A panel of health experts recommended a top-to-bottom restructuring of the World Health Organization on Tuesday in light of its failure to quickly respond to the Ebola crisis.
The WHO commissioned an independent panel of health specialists in March to study its response to the Ebola outbreak that struck primarily in West Africa. In its final report, the panel said the U.N. agency lacked the funding and organizational capacity to immediately respond to health emergencies.
“The world simply cannot afford another period of inaction until the next health crisis,” said the panel, led by Barbara Stocking, former chief executive of relief agency Oxfam.
“WHO is already moving forward on some of the panel’s recommendations including the development of the global health emergency workforce and the contingency fund to ensure the necessary resources are available to mount an initial response,” according to a statement from the organization.
The final recommendations are:
1. The WHO should come up with a plan, with related costs, for countries to develop ways to prevent, control and respond to the spread of disease as required under the International Health Regulations (2005).
2. All levels of WHO “should be strengthened” in order to identify health risks and declare health emergencies.
3. The International Health Regulations’ (2005) Review Committee for Ebola should look into incentives, including special financing, to have countries notify the WHO of public health risks.
4. The Review Committee for Ebola should consider disincentives for countries that impose restrictions on traffic and trade, such as travel bans, that go beyond what the WHO recommends.
5. The Review Committee for Ebola should consider an intermediate level response that would trigger a worldwide alert during the earlier stages of a health crisis (instead of waiting to declare a full Public Health Emergency of International Concern).
6. The U.N. Secretary-General’s High-Level Panel on the Global Response to Health Crises should put health issues at the center of the global security agenda and identify procedures to take serious health matters to the U.N. Security Council.
7. The WHO has no core funds for emergency response, the panel said. So the United Nations’ member states should think about increasing contributions based on countries’ ability to pay by 5 percent.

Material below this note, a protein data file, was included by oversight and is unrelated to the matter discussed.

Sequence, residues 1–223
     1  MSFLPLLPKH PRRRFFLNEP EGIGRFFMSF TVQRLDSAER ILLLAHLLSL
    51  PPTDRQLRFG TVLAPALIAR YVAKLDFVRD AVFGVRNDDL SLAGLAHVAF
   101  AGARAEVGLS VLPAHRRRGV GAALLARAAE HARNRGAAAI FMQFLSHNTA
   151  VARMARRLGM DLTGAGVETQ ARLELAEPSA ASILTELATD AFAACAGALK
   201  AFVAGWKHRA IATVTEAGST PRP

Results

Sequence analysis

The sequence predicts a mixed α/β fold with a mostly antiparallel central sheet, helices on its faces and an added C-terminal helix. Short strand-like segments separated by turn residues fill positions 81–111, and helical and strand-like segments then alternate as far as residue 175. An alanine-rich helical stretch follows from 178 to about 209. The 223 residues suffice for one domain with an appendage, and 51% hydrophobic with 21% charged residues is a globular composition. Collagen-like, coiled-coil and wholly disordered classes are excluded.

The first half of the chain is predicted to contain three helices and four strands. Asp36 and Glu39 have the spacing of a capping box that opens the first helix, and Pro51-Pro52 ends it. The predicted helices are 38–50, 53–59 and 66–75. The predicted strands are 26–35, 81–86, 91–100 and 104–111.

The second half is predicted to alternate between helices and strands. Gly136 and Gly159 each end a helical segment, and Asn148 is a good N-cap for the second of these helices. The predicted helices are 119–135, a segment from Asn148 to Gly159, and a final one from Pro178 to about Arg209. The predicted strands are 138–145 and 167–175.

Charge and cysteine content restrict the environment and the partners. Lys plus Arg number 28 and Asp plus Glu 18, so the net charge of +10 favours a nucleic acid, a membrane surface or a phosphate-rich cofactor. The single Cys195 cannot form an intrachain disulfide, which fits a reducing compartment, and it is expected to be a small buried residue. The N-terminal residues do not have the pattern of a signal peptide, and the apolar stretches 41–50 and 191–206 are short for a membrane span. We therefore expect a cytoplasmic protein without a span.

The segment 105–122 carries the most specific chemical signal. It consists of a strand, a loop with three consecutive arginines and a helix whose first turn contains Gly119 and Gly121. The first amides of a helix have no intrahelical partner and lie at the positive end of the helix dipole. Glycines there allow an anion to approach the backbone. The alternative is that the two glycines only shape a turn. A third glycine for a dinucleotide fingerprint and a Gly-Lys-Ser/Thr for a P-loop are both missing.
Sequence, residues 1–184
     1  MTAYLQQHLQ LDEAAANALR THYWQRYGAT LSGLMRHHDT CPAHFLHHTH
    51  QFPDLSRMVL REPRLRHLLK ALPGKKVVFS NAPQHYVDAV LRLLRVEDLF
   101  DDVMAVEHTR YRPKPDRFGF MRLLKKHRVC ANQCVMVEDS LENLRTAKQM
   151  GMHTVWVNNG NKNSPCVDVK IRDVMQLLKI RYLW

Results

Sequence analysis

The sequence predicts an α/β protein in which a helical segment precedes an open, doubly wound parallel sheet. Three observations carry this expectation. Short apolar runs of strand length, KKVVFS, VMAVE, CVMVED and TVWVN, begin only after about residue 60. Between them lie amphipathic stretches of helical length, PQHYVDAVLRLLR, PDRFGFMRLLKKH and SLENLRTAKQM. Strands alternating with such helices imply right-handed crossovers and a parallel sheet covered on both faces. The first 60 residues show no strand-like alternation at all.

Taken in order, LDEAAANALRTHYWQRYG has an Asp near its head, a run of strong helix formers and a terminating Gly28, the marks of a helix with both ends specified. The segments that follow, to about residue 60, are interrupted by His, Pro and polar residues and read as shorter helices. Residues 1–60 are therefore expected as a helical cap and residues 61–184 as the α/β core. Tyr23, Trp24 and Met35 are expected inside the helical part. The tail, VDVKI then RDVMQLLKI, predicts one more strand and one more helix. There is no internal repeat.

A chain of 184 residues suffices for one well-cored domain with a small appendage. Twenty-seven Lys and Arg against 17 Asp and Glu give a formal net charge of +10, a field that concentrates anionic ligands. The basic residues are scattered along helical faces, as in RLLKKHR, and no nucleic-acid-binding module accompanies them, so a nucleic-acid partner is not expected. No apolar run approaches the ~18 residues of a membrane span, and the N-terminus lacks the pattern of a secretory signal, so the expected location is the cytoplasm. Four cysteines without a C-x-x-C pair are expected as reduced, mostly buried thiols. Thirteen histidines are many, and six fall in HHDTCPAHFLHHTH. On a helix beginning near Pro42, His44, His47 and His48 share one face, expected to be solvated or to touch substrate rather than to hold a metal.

8. Member states should immediately contribute to a contingency fund to support outbreak responses totaling $100 million in voluntary contributions.
9. The WHO “should be made fit for health emergency response” with member states’ support and resources.
10. The WHO “must develop an organizational culture that accepts its role in emergency preparedness and response.”
11. The WHO should establish a Center for Emergency Preparedness and Response to develop a new organizational structure and procedures.
12. The WHO director-general should create a board to oversee the center.
13. The WHO must “adopt a new approach to staffing in country offices” that takes more fully into account the conditions of each country. The WHO country representative should have an independent voice and be assured of the full support of the regional director and director-general, if challenged by the country’s government.
14. The WHO “must reestablish itself as the authoritative body communicating on health emergencies” and fulfill its role.
15. The WHO and its partners must ensure community engagement in health emergencies.
16. The WHO should play a central role in research and development efforts for future emergencies, including developing vaccines.
17. The WHO should “maintain high alert levels” in the current Ebola crisis, because it’s not over yet.
18. The WHO should consider how to coordinate its own emergency grades and alerts to improve interagency coordination.
19. The WHO “should ensure that its staff and stand-by partners have a better understanding of the humanitarian system.”
20. The U.N. Secretary-General’s High-Level Panel on the Global Response to Health Crises should inform the greater United Nations system about the nature of health risks and the implications of declaring a full-on public health emergency.
21. The U.N. Secretary-General should consider appointing a special representative when a health crisis escalates to a high-level global threat.
The same panel of health specialists released a preliminary report in May that said the world body was “slow” in its response to the Ebola outbreak.
The panel said in both reports that the WHO should continue to coordinate the international response to health emergencies because it would only complicate matters to put another entity in charge.
The WHO has issued its own annual strategic plans (2014 and 2015) to battle Ebola, which include the objectives of stopping the transmission of the disease, preventing new outbreaks, reactivating essential health services, accelerating Ebola research and development, and coordinating the national and international Ebola responses.
The agency said the Ebola outbreak was “unprecedented in its scale, severity and complexity” and despite the progress made, “there is still a considerable effort required” to halt the virus.
“This is the largest emergency operation the organization has ever undertaken,” the WHO said.